Youth movement

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"We'd start with a daycare area," he joked.

With a four-man coaching staff, all of whom are in their early 30s, it is unclear if the daycare area would be for staff or the six young children under 3 they collectively have.

"I'm sure our wives would appreciate it, getting a chance to watch the games instead of chasing the little ones around," said Matt Graves, 33, who is an assistant as well as older brother of star guard A.J.

The presence of the toddlers in the Butler locker room underscores the collective youth of the Butler staff, which bid farewell to Todd Lickliter in the offseason. Lickliter was hired by Iowa after leading Butler to two Sweet 16 berths in six years, including last year's run which ended at the hands of eventual champion Florida.

Butler athletic director Barry Collier quickly promoted Stevens to the head job despite the fact that he had never run his own program and was just 31. Stevens had been at Butler for seven years and worked for Ohio State's Thad Matta and Lickliter.

"I've worked in an environment for a person that empowers you to think like a head coach," Stevens said. "Coach Lickliter and Coach Matta both did that. They wanted us to think like a head coach every day. What happens then is, in practice situations, when you have your own team, or you have the scout team, and that is how you learn and build and get a chance to become a head coach. Those stepping stones and the things they allowed me to do and the freedom they allowed and trust they showed was invaluable in me feeling comfortable to be able to take on this role."

Stevens had an opportunity to hire an older, more experienced assistant, but he felt like he wanted coaches familiar with Butler, no matter what their age. And so Graves, Brandon Miller, 28, and Terry Johnson, 33, will sit alongside Stevens.

"I wanted guys that believe in Butler and knew Butler and how we do things," Stevens said. "We've got three guys that have either played here or been assistants. I got a good piece of advice -- in coaching transitions, you end up coaching everyone in the program. But if you hire people that understand what you are trying to do, that will make your transition easier because then they can help coach the players."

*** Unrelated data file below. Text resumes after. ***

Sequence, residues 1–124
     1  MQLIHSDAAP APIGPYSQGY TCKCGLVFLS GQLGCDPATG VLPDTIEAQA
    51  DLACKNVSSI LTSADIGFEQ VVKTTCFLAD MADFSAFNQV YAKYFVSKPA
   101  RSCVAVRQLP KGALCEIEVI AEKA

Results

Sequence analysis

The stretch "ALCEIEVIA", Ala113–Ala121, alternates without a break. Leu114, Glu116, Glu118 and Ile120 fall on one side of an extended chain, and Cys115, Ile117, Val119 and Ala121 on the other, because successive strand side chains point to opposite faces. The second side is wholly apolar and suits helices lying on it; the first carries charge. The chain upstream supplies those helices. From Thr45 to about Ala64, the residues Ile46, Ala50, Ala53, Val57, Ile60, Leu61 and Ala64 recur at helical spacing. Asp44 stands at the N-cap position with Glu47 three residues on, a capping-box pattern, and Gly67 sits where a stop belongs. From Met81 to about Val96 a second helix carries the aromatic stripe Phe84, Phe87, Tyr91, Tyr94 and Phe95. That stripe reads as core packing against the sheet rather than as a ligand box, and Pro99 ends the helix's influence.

And if Stevens feels like he needs some advice from a veteran coach, there's one sitting down the hall. Collier was a head coach for 17 seasons, including 11 at Butler, before taking over as athletic director at his alma mater.

"That would be a wasted resource if I didn't (seek his advice)," Stevens said. "Some people might be uncomfortable doing that, but I watched Barry's teams take off for Butler and set a tone for what has been accomplished here the past 10-12 years. Certainly I lean on him. He has great advice."

Between Collier, Matta and Lickliter, the bar has been set high for Butler. In the last 11 years, the Bulldogs have reached six NCAA tournaments and three NITs, and with five seniors on this year's squad, led by Graves, expectations are Butler will reach the NCAA tournament again. That will mean learning on the fly for Stevens, who finished his college ball at DePauw in 1999.

A.J. Graves, who along with teammates pushed for Lickliter's replacement to come from within, says having a young staff helps the communication between players and coaches.